This is not the Iditarod. It’s a dog-sled sprint that starts and ends in downtown Fairbanks, Alaska. I was there last week for a wedding and had a chance to catch the 68th running of the Open North American Championship (ONAC). It was part of why I fell in love with Fairbanks.
I missed the start of the race, when locals told me the dogs are crazy and jazzed up, rarin’ to go. It was -10 degrees, and downtown Fairbanks was full of people who seemed to think that’s normal weather for standing around outside drinking coffee. I walked further down the street and found a cozy deli and cafe named the Red Couch at 309 2nd Avenue.
The woman who served me said the racers would be back in about 20 minutes. The route ran right in front of the cafe. She seemed to know exactly where the unseen dogs were on the course. I finished my potato chips and bowl of chili quickly and walked outside to wait for the teams. After about 10 minutes of stomping my boots on the snow with my scarf tied around my face, I saw the first sled approach.
And then it was gone. That was fast!
The dogs were smaller than I had expected. After about 20 miles of hauling a guy behind them, the dogs were loping along mainly in silence. Their long tongues were hanging out as they ran.
I learned that the mushers aren’t just along for the ride. They turbo-charged their sleds with huge, sweeping kicks that left the kicking feet high in the air behind them. It might take years of yoga to build that much flexibility into your joints. It was impressive.
I walked back down 2nd Avenue to the finish line and admired the cool trucks with little hutches built into them for the dogs. Metal bowls were laid out beside each truck, filled with watery gruel to reward the racers. There was lots of tail wagging and celebratory barking in the streets of Fairbanks.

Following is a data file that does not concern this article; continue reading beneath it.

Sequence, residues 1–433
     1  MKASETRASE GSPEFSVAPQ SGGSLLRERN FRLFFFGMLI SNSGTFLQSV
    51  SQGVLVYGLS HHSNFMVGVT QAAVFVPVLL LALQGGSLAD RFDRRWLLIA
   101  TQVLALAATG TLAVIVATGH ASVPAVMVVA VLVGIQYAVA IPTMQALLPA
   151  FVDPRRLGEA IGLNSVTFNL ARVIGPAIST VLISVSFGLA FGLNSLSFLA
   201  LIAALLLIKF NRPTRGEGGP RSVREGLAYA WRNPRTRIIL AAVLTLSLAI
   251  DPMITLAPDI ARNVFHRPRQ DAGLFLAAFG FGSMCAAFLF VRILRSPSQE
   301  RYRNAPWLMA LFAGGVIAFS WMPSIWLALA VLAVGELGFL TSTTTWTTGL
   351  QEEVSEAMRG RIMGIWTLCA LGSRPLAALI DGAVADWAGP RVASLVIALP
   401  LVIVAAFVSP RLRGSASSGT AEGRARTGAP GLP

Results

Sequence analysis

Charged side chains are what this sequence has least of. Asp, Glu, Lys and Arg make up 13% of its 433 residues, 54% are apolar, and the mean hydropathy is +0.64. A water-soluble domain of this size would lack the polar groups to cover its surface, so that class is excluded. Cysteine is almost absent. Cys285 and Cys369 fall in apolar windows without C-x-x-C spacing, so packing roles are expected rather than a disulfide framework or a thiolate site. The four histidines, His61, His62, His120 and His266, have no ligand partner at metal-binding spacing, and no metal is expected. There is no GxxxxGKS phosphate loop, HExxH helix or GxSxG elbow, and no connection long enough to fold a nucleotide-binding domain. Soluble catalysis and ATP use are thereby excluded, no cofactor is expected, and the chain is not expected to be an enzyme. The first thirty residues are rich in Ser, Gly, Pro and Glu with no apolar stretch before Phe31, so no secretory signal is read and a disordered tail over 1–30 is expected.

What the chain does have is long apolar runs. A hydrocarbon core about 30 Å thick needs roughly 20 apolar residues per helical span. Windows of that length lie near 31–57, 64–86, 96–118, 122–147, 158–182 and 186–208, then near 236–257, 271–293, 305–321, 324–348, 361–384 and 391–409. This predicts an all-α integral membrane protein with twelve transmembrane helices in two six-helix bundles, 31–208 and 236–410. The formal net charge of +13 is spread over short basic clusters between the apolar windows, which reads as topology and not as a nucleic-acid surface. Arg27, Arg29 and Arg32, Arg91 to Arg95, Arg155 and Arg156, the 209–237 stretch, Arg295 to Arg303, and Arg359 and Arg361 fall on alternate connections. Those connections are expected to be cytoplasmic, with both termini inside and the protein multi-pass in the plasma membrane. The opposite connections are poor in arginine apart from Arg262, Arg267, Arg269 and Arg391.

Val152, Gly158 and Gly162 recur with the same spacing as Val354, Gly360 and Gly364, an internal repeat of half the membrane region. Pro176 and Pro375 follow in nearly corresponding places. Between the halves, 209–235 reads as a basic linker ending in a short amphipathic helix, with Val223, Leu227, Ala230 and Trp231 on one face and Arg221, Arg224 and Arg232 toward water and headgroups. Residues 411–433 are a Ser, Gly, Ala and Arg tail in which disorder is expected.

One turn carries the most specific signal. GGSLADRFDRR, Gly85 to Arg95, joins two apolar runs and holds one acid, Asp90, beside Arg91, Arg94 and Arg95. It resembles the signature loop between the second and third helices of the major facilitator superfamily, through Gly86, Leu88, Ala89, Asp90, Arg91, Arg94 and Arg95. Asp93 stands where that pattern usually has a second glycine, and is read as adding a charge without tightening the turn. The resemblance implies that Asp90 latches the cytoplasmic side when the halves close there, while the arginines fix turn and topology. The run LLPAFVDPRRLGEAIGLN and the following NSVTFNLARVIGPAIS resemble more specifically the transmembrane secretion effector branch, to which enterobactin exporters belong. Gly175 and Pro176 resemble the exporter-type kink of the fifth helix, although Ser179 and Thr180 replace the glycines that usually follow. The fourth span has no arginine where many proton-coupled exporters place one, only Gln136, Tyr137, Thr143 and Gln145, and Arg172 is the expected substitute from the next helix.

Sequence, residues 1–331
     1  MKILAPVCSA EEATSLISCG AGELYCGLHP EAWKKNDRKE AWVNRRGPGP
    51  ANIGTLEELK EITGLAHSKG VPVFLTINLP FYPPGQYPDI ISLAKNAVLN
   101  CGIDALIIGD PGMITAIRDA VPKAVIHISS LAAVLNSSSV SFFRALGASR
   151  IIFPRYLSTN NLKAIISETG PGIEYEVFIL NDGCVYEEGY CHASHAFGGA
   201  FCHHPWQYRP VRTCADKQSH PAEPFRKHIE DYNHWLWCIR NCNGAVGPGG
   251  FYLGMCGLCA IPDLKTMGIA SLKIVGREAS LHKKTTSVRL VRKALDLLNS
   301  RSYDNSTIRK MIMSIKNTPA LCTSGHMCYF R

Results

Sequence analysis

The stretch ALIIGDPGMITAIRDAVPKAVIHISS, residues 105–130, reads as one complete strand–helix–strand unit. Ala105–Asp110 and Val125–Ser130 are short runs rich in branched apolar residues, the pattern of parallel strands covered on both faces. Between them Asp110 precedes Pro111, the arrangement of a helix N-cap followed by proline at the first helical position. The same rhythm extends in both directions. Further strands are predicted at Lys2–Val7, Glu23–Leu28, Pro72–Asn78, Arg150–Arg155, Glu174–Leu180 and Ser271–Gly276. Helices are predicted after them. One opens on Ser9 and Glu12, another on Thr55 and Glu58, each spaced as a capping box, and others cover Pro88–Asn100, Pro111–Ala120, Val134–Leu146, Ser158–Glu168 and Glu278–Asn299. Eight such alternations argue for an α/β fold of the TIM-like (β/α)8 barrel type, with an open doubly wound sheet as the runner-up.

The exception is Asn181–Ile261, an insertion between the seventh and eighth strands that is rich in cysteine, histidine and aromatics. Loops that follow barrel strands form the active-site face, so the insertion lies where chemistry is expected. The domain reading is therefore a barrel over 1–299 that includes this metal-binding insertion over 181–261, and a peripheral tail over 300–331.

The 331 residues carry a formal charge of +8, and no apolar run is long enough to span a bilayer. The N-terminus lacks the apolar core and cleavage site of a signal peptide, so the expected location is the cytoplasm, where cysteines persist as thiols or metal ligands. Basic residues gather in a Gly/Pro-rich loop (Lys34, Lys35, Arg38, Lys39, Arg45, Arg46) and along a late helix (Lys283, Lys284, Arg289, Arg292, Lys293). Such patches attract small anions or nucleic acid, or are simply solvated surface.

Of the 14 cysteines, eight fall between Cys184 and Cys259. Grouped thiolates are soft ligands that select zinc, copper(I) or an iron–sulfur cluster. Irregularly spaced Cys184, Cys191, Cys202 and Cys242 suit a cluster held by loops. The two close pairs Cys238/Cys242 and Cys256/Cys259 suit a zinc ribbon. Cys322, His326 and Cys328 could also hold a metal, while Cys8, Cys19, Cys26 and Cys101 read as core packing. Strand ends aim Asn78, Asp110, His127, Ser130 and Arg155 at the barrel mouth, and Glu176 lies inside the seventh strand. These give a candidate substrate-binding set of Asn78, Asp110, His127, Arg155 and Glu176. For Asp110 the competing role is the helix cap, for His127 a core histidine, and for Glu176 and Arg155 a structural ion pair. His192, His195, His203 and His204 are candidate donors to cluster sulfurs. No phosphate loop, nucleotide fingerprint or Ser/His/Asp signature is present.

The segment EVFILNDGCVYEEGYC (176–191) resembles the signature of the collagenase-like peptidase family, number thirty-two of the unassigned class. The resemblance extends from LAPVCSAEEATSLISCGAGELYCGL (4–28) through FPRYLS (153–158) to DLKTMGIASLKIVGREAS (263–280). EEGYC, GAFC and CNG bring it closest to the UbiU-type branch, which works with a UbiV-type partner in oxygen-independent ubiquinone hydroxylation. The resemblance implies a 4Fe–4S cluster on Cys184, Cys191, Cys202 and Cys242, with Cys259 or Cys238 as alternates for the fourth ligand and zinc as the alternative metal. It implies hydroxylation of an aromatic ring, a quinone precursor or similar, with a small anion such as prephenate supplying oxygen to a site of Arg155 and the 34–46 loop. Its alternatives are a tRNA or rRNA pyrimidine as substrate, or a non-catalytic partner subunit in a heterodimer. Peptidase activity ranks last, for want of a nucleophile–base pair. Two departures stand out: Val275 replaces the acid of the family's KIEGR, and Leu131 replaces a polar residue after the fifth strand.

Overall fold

My iPhone weather app says it’s zero degrees this morning in Fairbanks, a day after the Equinox, when everyone on earth, from Fairbanks to Buenos Aires, experienced a 12-hour day of sunlight. Here in Denver, it’s a balmy 43 degrees.
My friends Kes Woodward and Dorli McWayne, who were joined in an artful and musical wedding ceremony in his studio five days ago, will probably be out today running on a trail through the birches surrounding their Fairbanks home. Zero degrees? That’s gotta feel like a heat wave!
I admire anyone who not only lives but thrives in a climate like that. It’s bracing. Each morning when I walked out of the Princess Riverside Lodge, the frigid air felt like an assault, or at least a warning. The blue electrical cable connecting my rented all-wheel-drive Nissan Juke to a post in the parking lot was stiff and brittle when I unplugged the heater. The air was brilliant and still.
As a reward for living in such a place, the sky sometimes puts on an awesome show. On my last night in Fairbanks, I drove with a fellow wedding guest, David Policansky from Washington, D.C., to a high ridge with a good view to the north. And yes, we did see the Aurora Borealis, the Northern Lights. I was surprised at how quickly the eerie greenish shapes shifted in the sky, forming curtains of color, then twisting ropes directly overhead, then blobs of glowing presence that looked as if they were about to fall on top of us.
I nearly froze out there on the ridge and kept ducking back into the Juke for warmth while David snapped away with his camera. He focused on the thumbnail moon then turned to the aurora over and over again. My neck hurt from looking up for nearly an hour, and then we drove back to the hotel, stunned into speaking softly about what we’d seen.
Kes assured the wedding guests arriving from all over that March is a wonderful time of year to visit Alaska. He wasn’t lying. My visit there last week stirred me deeply. Fairbanks left me ready to stray from my rut, to try new things, to bundle up and race down the street on a sled with my leg kicking high up behind me.
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